Clerics brawl with broomsticks at the site where Jesus is believed to have been born. (BBC image)

Two days after the world celebrated the birth of the Prince of Peace, things weren't so peaceful at the Bethlehem church built on what is believed to be the site of Jesus' nativity.

Brandishing brooms, 100 black-robed Greek Orthodox and Armenian clerics fought one another inside the Basilica of the Nativity after a dispute broke out during the cleaning of the church. Palestinian police broke up the fray.

Tensions have long been high at the 1,700-year-old church, as different Christian denominations continually squabble over the administration of the holy site.

The BBC has the story, along with the sad video here.

 

 

December 29, 2011 08:50
By George Matysek


Cardinal McCarrick talks Christmas and politics

Retired Washington Cardinal Theodore McCarrick recently sat down with David Gregory of Meet the Press to talk Christmas and politics. The cardinal noted that Christmas comes to "remind us that there is a God and this is a God who loves us."  He also asserted that the more a voter understands about the issues, the more he or she will understand a candidate.

"We have to say," Cardinal McCarrick said, "'What is that man teaching - what is that woman teaching? How will it affect me, how will it affect my family, how will it affect my country?'"

Check out the extended interview here.

December 22, 2011 10:51
By George Matysek


Archbishop O'Brien, Bishop Malooly extend Christmas messages

Archbishop Edwin F. O'Brien has an audio Christmas message here and Wilmington Bishop W. Francis Malooly (former Baltimore auxiliary bishop) has a video Christmas message here.

December 23, 2010 07:05
By George Matysek


Sister Wendy speaks

Ever since she appeared in a BBC documentary on the National Gallery 19 years ago, Sister Wendy Beckett has taken the art world by storm. A familiar face on PBS, the surprisingly straight-talking contemplative nun is well-known for her unique insights into art and art history. 

Sister Wendy is the author of more than 25 books, including one on the Nativity containing more than 40 paintings that illustrate events leading up to and including the birth of Jesus. The book also highlights moments from Christ's life, death and resurrection.

The Telegraph has an interesting Q&A with the 80-year-old nun.

Some snips:

Solitary life: This is the greatest imaginable bliss. It wasn’t only that I wanted a contemplative life; I needed it. I am one of those inadequate people who can’t sustain the level of prayer and self-sacrifice that religious life asks, unless I have hours alone with God. But I am not totally alone. Once a day the sister who looks after me brings my post and gives me any messages. If there are practical matters to be seen to (I am a sadly impractical woman), she solves them. The day is surely coming when age and infirmity will make it impossible to live alone. I don’t worry about this because it’s all part of God’s plan.

Television career: Nuns have to earn their living and I earned mine by doing medieval Latin translation. But I became unwell and asked the Mother Prioress if I could look at art until I felt better. Then I realised there are no livings to be earned by merely looking, so I decided to write a book, which drew the attention of the BBC. This is how my television career began.

Christmas: My Christmas is a deeply privileged one and I spend it in silence marvelling at God’s goodness. I don’t put up decorations, wrap presents or attend a Christmas dinner (though I delight in giving and receiving cards). The high point is the high point of every day – attending Mass and receiving the Eucharist. This sacrament is Christmas in essence: God giving Himself, us receiving Him and being changed.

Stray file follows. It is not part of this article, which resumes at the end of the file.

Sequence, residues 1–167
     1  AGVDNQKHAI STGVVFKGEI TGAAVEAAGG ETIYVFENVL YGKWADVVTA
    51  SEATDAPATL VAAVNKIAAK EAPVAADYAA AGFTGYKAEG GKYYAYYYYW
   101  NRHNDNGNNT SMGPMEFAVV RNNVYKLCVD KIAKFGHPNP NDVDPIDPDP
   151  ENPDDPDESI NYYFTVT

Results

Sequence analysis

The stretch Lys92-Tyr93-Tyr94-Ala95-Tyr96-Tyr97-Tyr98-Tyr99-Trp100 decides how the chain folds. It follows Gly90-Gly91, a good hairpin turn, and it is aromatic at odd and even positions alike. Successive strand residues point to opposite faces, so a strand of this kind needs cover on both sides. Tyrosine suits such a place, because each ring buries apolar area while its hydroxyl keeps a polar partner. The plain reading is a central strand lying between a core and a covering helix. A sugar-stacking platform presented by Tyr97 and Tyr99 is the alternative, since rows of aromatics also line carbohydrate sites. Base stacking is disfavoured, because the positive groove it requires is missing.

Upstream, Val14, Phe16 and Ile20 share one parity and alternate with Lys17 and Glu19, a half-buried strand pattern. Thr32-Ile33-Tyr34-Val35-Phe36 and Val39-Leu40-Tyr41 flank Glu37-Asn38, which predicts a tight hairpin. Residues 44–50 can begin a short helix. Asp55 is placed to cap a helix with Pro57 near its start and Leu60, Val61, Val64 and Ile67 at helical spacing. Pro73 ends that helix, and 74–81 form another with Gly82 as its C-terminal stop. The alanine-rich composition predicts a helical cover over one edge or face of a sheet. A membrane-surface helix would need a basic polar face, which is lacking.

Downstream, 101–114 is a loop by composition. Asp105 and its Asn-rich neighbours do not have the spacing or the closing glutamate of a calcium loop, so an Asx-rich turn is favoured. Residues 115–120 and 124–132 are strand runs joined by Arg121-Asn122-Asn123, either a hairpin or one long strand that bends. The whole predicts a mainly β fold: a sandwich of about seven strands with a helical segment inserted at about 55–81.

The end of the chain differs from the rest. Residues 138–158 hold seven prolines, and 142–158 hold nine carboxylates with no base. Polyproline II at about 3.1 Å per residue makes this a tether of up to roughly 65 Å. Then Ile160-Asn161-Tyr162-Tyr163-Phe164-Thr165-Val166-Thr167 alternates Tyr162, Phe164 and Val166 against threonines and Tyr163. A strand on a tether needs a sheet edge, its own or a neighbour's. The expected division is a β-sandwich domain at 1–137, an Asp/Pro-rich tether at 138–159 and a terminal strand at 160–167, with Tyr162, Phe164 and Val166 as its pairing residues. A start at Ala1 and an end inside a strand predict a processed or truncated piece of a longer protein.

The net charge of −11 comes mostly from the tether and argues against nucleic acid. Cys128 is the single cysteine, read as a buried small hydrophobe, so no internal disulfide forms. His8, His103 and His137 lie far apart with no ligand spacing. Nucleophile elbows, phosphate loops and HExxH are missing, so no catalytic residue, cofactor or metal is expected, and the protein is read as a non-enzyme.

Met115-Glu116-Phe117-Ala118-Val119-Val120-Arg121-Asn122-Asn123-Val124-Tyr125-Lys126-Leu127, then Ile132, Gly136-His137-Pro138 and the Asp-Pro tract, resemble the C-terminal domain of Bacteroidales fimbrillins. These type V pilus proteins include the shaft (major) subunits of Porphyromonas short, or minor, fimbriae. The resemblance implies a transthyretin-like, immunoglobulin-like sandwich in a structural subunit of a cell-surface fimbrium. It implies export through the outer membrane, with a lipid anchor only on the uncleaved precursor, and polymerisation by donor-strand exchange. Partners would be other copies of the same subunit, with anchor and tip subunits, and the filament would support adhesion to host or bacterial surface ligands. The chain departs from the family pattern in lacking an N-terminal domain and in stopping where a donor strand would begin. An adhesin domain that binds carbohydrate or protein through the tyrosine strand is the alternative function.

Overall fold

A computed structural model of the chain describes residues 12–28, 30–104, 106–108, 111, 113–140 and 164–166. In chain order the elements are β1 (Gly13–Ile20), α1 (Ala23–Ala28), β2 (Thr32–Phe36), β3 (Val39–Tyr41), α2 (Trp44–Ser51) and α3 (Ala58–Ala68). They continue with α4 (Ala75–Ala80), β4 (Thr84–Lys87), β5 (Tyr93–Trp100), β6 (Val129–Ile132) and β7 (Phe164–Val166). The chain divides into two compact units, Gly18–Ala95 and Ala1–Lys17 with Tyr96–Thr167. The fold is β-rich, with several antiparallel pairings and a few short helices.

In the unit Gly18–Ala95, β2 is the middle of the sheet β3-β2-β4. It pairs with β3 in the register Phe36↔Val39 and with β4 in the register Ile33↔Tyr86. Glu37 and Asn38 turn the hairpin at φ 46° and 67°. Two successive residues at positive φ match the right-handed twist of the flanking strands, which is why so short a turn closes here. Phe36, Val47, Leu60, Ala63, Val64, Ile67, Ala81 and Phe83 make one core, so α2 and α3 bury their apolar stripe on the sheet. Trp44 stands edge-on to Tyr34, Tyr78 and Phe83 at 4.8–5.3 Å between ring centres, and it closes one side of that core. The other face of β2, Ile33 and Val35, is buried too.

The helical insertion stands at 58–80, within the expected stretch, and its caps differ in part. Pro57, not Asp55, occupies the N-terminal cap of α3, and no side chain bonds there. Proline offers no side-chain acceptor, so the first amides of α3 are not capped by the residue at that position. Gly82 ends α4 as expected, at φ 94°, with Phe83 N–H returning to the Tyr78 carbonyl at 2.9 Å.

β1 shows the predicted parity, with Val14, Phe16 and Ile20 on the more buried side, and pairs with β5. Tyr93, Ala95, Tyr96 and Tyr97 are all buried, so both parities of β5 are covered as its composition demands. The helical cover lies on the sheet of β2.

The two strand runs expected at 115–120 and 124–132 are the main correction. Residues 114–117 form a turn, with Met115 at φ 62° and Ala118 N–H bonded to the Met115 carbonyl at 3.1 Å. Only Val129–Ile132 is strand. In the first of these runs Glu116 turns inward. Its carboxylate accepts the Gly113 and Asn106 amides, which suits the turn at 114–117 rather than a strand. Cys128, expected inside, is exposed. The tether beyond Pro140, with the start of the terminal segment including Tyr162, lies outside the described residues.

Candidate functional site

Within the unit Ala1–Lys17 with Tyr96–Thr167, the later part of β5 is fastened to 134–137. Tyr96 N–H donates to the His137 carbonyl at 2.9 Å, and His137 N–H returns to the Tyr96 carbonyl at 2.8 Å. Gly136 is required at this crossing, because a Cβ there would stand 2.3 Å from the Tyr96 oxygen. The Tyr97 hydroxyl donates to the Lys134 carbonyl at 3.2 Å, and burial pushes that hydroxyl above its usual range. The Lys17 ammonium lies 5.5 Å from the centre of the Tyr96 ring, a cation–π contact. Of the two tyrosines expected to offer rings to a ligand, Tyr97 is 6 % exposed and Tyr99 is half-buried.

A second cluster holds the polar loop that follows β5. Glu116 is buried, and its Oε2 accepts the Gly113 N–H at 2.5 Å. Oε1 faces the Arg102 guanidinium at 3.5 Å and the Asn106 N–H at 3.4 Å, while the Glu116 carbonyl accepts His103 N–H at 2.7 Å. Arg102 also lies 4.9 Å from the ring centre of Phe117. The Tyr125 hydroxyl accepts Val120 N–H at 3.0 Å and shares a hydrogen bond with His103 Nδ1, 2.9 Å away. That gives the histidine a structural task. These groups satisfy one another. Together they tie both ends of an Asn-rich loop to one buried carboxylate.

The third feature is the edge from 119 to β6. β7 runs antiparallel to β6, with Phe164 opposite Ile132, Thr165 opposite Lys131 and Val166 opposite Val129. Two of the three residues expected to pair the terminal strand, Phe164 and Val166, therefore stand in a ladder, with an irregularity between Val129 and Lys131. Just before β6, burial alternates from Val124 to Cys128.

Read more here.

December 22, 2010 12:12
By George Matysek


Mercy's new hospital proclaims Christmas message

Mercy Medical Center's impressive new hospital tower in downtown Baltimore is all set to open tomorrow, Dec. 19.  Amid the fanfare, hospital leaders have added a nice Christmas touch that hearkens back to the days when Mercy's "old tower" first opened nearly five decades ago.
Back when the 1963 building was the new kid on the block, Mercy employees placed stencils in the lighted windows of patient rooms -- spelling out "A CHILD IS BORN" on the side of the tower.

If you take a close look near the top of today's $400 million Mary Catherine Bunting Center, you'll see that Mercy has posted the same lighted message.  

Very cool idea, Mercy!   

Then...

Baltimore News-Post Photo/Courtesy Mercy Medical Center

 
 And now...
 

Mercy Medical Center Photo/Kevin Parks

December 18, 2010 08:57
By George Matysek


Here's a digital take on the Nativity

[youtube=http://www.youtube.com/watch?v=GkHNNPM7pJA&feature=player_embedded#!]

December 15, 2010 06:49
By George Matysek


It's Christmas in Bawlmer, hon!

No Charm City Christmas is complete without this classic!

[youtube=http://www.youtube.com/watch?v=74INc6WwqYg&feature=related]

December 03, 2010 10:38
By George Matysek


Send the pope a Christmas message

When you're sending your Christmas cards this year, don't forget the pope.

A website sponsored by the Pontifical Council for Social Communications has a link where users can write a Christmas message or share a photo with the Holy Father.  The greetings will also be shared at the Pope2You website.

What would you say to the pope this Christmas season?

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12/10/2010 - Update: Lots of folks are taking a look at this post!  Be sure to visit www.catholicreview.org/matysekblog for similar posts.

December 02, 2010 04:36
By George Matysek


Hallelujah Chorus Fail

Handel's Messiah is always big this time of the year and choirs around the archdiocese are probably working on "For Unto Us a Child is Born" and the "Hallelujah Chorus" for Christmas.

Here's what can happen when the organist accidentally hits the transpose button at a most unfortunate moment.

By the way, Ed Polochick and The Concert of Artists of Baltimore will perform a much better version next Friday at the Meyerhoff in Baltimore. Their performances are outstanding.  You won't want to miss it.

[youtube=http://www.youtube.com/watch?v=1DBAoWr-imY]

November 28, 2010 12:13
By George Matysek